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Genetic Epidemiologist



Epidemiology is the study of the causes and spread of diseases among human populations. Genetic epidemiologists are specifically concerned with the genetic factors involved in diseases. They analyze DNA sequences to determine the relationship between genetic makeup and environmental factors. The goal is to minimize the likelihood of genetic illnesses among populations by figuring out what in the environment may be triggering them.

Career Outlook

An increased focus on genetic science has created a greater demand for qualified individuals who can interpret genetic information and apply it to public health.

Working Conditions & Context

Genetic epidemiologists typically work in laboratories and offices, usually as part of a research team. They are most commonly employed by universities, hospitals, government agencies, and pharmaceutical companies. Some teach professionally in universities and medical schools.

Genetic epidemiology is an exacting science, and close adherence to scientific standards is a must. Individuals in this field are often expected to share their findings with their colleagues, either at conferences or in scientific journals. Communication skills are very important.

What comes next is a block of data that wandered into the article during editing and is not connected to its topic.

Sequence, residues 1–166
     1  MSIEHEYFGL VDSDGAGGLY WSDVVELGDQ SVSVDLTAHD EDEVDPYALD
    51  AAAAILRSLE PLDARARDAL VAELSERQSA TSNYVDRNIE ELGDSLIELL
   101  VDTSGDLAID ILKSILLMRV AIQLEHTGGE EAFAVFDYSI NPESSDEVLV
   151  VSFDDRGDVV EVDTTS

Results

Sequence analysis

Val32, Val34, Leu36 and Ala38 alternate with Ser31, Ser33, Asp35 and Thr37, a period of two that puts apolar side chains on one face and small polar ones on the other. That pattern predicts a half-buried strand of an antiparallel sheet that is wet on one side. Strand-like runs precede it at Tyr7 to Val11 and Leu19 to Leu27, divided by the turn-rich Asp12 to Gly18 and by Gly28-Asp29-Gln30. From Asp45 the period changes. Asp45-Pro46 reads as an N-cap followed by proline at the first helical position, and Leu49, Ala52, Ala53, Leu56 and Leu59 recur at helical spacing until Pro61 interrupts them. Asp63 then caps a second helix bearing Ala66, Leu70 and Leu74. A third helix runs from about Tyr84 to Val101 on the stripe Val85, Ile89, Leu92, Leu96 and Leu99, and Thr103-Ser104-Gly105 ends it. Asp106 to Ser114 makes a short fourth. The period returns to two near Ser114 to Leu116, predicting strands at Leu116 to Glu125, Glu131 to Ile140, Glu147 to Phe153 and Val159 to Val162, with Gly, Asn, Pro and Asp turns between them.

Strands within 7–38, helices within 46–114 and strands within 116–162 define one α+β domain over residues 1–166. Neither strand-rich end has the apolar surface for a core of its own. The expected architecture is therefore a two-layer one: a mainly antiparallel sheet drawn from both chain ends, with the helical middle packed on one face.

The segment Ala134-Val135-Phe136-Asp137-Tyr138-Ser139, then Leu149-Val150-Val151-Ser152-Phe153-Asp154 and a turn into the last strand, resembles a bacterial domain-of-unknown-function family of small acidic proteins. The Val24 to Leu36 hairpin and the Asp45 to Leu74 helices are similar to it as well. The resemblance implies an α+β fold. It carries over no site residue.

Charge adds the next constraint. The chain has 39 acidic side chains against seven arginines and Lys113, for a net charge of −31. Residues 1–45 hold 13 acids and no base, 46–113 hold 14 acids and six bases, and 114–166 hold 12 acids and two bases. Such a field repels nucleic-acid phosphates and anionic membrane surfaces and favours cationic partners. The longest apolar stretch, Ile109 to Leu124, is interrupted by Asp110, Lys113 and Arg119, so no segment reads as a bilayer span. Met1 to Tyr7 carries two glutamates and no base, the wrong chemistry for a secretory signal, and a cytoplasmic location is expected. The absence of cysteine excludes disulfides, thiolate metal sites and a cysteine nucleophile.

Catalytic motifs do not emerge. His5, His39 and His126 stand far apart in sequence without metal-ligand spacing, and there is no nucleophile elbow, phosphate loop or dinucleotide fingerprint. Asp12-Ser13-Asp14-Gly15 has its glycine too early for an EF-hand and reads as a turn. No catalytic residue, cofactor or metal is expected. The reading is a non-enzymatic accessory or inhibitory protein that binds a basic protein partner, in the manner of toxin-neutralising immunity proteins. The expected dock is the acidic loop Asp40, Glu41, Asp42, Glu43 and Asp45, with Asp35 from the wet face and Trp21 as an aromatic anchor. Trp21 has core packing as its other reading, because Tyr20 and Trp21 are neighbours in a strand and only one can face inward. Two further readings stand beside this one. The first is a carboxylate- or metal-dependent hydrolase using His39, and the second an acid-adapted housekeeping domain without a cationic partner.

Salary Information

A typical Salary Range for this career is $35,620 - $101,030 annually.

The Median Income for this career is about $65,080 annually.

Education Information


A Master's degree is the minimum an epidemiologist can expect to obtain, and even then it will take higher degrees to secure positions of significant responsibility or authority. Most positions require a Ph.D.

Some colleges offer a major in genetic epidemiology distinct from traditional epidemiology. Students pursuing such a major should also study biology, chemistry, mathematics, and related disciplines.

Certification & Licensing:


Other Resources

Related Careers

Comparative Genomicist/Geneticist, Evolutionary Geneticist, Population Geneticist

More Information

The American College of Epidemiology

The International Epidemiological Association

The Society for Epidemiologic Research

The International Genetic Epidemiology Society

* Information regarding income is cited from the Bureau of Labor Statistics.
** More than a minimum degree may be required for some careers.